Zilog Z80 processors
Introduction: July 1976
In July of 1976, it released the Z80 processor, which was a vastly improved version of the 8080. It was not pin compatible, but instead combined functions such as the memory interface and RAM refresh circuitry, which allowed cheaper and simpler systems to be designed. The Z80 also incorporated a superset of 8080 instructions, meaning it could run all 8080 programs. It also included new instructions and new internal registers, so software that was designed for the Z80 would not necessarily run on the older 8080. The Z80 ran initially at 2.5MHz (later versions ran up to 10MHz), and contained 8,500 transistors. The Z80 could access 64KB of memory.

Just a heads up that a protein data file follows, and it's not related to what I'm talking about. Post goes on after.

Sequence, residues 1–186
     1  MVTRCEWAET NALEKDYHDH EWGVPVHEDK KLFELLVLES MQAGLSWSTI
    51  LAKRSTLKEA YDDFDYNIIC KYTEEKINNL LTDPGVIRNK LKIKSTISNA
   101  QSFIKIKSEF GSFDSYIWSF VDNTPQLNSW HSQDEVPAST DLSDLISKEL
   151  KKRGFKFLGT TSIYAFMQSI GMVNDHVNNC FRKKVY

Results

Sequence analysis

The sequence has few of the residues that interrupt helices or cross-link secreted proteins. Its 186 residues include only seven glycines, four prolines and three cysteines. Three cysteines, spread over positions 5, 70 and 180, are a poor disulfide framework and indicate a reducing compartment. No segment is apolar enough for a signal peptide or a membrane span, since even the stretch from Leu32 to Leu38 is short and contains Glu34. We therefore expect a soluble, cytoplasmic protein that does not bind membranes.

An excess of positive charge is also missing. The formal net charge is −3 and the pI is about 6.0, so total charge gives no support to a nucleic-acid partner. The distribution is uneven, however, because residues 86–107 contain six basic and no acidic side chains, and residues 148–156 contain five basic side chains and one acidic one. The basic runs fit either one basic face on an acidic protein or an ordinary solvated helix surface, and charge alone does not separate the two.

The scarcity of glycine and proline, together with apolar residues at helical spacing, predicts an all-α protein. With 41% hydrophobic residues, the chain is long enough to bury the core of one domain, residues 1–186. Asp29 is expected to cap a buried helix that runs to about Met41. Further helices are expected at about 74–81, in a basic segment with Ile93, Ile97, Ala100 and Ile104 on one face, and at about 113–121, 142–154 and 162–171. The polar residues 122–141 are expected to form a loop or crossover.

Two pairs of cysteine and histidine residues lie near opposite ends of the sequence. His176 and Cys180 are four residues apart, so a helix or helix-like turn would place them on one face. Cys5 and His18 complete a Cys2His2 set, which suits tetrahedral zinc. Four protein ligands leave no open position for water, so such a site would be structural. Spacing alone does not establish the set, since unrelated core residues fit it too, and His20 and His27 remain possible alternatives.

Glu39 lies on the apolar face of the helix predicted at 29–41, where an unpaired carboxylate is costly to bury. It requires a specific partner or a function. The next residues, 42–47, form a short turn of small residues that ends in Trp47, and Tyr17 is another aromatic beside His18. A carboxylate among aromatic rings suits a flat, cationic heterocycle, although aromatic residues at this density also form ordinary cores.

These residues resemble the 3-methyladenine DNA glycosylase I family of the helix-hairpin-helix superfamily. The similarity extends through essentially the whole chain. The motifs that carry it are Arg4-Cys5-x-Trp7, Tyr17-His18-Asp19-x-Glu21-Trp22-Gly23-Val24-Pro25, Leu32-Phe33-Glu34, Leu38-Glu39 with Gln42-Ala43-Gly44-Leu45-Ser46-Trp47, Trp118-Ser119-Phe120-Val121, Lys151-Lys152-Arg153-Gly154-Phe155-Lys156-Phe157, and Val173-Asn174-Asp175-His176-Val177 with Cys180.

Zilog's follow-up designs, however, were over-ambitious, and the 16 and 32-bit Z800 and Z8000 were very late to market and suffered from teething troubles. The Z80, by the way, introduced the idea of SIMD (Single Instruction, Multiple Data) with its block move and copy instructions. These were considered very powerful at the time: real mainframe stuff. Modern SSE instructions work on highly advanced versions of this same basic principle.
Source: Upgrading and Repairing PCs (13th Edition) by Scott Mueller.